September 29, 2015

In Florida, Marco Rubio starts to overshadow Jeb Bush

Gop 2016 Rubio (2)

via @adamsmithtimes

THE VILLAGES -- When Marco Rubio launched his presidential campaign in the spring, a lot of people wondered how he would ever emerge from the shadow of his mentor, Jeb Bush.

On Monday, as Sen. Rubio campaigned to an overflow crowd in a sprawling central Florida development loaded with tens of thousands of relatively new Florida Republicans, the more immediate question was how Bush might escape the shadow of Rubio.

“Bush was fine as governor but he just doesn’t come across as authoritative, like Marco Rubio does,” said Pat McKay, who moved to The Villages 10 years ago from Philadelphia.

This booming, overwhelmingly Republican stronghold of more than 100,000 residents spreads across 32 square miles of Sumter, Lake and Marion counties. Bush spent plenty of time campaigning here in the area’s early years, but he left office nearly 10 years ago.

“Jeb doesn’t seem to have any energy, no excitement,” said Sid Sack, who retired to The Villages a year ago from Washington state, while waiting for Rubio to show up.

“He seems kind of like a marshmallow,” he said of Bush, a contrast given that Bush was known as perhaps the most energetic and ambitious governor in modern Florida history.

“We need somebody new. I like Rubio because he’s young,” agreed his wife, Billie, who also likes Carly Fiorina and Donald Trump.

Rubio drew more than 500 people to a big meeting space and two overflow rooms, an appearance that underscored one of the biggest challenges facing Bush’s presidential campaign: Countless Republicans know little about Bush beyond his last name, and that includes his home state with its ever-changing electorate.

More here.

Photo credit: George Horsford/Daily Sun via AP

September 28, 2015

UPDATED Marco Rubio: 'I'm not interested in the back and forth' with Donald Trump's 'freak show'


Marco Rubio absolutely, positively wants to stay above the fray in the 2016 Republican presidential race.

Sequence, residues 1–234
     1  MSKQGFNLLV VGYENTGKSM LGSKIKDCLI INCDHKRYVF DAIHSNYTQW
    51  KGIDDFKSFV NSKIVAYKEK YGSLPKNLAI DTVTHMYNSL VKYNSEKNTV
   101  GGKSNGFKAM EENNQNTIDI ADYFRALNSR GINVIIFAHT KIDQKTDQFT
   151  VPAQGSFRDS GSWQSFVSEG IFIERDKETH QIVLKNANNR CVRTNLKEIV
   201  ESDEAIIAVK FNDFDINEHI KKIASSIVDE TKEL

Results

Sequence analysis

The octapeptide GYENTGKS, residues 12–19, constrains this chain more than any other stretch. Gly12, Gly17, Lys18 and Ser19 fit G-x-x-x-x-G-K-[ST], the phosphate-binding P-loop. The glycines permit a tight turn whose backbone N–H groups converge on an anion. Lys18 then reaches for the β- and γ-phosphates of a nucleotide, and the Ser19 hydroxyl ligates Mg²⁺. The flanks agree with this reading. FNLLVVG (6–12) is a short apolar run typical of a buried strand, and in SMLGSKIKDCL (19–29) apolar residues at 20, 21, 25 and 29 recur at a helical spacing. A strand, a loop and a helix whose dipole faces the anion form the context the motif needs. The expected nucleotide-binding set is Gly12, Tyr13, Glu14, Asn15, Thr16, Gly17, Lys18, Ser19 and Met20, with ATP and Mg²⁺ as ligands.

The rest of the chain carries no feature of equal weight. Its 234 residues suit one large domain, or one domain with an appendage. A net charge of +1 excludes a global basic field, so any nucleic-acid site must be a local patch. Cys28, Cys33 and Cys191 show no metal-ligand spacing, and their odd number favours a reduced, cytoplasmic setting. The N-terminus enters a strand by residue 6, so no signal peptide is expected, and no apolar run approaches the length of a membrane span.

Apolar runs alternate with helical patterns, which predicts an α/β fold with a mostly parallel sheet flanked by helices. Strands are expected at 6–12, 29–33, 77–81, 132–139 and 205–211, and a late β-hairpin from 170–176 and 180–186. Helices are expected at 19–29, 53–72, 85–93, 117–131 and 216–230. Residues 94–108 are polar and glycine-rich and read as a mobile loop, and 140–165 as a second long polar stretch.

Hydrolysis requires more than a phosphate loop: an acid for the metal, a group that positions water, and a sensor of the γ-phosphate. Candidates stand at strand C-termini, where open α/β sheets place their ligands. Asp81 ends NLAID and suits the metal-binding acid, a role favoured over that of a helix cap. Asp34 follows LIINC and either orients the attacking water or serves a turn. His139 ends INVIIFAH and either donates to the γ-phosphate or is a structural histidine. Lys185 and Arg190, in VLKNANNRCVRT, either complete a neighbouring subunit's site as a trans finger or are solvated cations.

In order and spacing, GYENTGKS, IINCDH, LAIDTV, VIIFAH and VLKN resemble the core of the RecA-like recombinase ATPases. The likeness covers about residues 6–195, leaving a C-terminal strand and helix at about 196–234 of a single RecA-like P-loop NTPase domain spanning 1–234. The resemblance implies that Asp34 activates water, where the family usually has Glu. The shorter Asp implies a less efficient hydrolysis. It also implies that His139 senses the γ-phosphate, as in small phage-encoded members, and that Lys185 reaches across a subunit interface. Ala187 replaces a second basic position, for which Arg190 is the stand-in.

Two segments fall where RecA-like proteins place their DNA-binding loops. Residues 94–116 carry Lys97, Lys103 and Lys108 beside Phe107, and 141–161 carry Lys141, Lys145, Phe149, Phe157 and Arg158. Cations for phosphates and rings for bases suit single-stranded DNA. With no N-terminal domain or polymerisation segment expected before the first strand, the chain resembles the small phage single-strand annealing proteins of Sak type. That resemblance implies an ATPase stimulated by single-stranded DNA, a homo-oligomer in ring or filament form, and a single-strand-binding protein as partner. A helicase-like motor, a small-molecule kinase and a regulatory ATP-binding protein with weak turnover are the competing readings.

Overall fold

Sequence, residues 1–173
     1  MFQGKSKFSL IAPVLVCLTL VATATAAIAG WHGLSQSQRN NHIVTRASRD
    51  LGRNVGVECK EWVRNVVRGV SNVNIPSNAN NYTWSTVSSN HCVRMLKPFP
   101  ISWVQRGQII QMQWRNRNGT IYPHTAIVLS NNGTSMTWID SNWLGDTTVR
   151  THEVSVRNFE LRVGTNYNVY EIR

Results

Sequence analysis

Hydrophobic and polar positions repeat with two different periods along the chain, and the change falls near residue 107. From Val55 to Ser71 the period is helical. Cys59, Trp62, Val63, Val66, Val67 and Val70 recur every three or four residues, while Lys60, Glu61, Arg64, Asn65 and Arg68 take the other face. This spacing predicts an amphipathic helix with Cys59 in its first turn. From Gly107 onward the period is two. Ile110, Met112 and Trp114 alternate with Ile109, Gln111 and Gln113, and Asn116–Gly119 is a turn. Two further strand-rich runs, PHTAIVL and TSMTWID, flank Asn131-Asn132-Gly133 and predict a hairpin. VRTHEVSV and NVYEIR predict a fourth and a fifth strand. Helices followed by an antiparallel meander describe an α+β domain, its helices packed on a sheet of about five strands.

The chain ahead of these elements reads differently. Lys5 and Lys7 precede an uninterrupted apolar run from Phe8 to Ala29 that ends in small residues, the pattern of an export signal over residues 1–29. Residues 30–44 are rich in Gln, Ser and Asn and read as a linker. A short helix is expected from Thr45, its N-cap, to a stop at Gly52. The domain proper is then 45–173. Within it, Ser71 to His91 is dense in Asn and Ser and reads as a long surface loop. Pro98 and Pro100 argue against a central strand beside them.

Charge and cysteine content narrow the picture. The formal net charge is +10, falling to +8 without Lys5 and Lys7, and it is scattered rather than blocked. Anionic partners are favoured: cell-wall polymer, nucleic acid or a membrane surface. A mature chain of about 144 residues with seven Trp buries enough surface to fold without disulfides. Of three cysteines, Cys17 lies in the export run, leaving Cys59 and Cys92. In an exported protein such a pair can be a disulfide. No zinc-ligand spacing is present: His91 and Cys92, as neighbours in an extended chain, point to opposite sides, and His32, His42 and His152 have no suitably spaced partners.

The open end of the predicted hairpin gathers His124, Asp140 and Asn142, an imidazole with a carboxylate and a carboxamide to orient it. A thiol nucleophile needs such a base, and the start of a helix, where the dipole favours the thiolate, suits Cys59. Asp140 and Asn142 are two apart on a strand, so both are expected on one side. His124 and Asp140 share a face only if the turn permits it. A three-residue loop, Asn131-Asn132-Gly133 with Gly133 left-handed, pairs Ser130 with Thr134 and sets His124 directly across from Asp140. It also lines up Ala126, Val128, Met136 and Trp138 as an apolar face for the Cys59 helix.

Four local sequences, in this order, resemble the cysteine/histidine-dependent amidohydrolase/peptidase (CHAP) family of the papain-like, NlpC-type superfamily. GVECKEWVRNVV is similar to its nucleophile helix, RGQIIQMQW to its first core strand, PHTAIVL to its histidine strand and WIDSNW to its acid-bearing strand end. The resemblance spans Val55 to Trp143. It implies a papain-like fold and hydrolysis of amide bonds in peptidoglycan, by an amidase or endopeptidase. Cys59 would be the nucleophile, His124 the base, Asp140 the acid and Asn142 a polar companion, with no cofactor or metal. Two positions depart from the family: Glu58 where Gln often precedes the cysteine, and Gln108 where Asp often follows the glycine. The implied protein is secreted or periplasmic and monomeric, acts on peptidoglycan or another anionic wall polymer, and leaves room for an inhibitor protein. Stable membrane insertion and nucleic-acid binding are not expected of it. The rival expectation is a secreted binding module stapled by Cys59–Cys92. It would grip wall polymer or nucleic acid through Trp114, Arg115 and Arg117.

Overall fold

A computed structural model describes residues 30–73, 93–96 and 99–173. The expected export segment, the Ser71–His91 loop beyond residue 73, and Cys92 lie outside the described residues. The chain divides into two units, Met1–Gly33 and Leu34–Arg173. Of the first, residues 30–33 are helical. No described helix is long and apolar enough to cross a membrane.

But he sure knows how to tuck in jabs against frontrunner Donald Trump while trying to distance himself from Trump's attacks on him and other more establishment candidates.

The latest example: In an interview aired Monday on NPR, Rubio was asked about Trump's calling him a "clown" on Friday.

"I'm not interested in the back and forth," Rubio said -- only to deride Trump's  "freak show."

"He is a very sensitive person. He doesn't like to be criticized. He responds to criticism very poorly," Rubio said. "His poll numbers have taken a beating and he was embarrassed on national television at the debate by Carly Fiorina and others."

"But this election is not going to be about Donald Trump," Rubio continued. "He thinks it is, but it's not about him. It has to be about the issues confronting our country. And my sense of it is that every time issues become prominent he will say something outrageous or do something outrageous so that he doesn't have to talk about the issues."

UPDATE: Asked about Rubio's comment in a New York news conference unveiling his tax plan, Trump again referred to Rubio as a "lightweight."

"Look, look. Sen. Rubio is a lightweight. We understand that. He wouldn't be able to do this. He wouldn't know a trade deal from any other deal. And what certain people are trying to do...

"We're going up very strongly in the polls. They don't know know what to do about it...

"I'm funding my own campaign. Guys like Rubio, I mean, he desperately needs money. Ask the car dealer in Florida." (That would be Norman Braman.) "Ask the people that support him..."

"A guy Rubio and others...they're largely controlled by their donors, the special interests and, frankly, more than anybody else, the lobbyists."

September 25, 2015

House Speaker John Boehner resigns

House Speaker John Boehner, R-Ohio, will resign at the end of October, shaking up the leadership of the Congress.

Boehner has been under constant criticism from conservatives, who have demanded a more confrontational approach to President Barack Obama. The latest flashpoint is the desire to stop federal financing of Planned Parenthood, which some conservatives insist be tied to any measure keeping the government open when appropriations expire Sept. 30.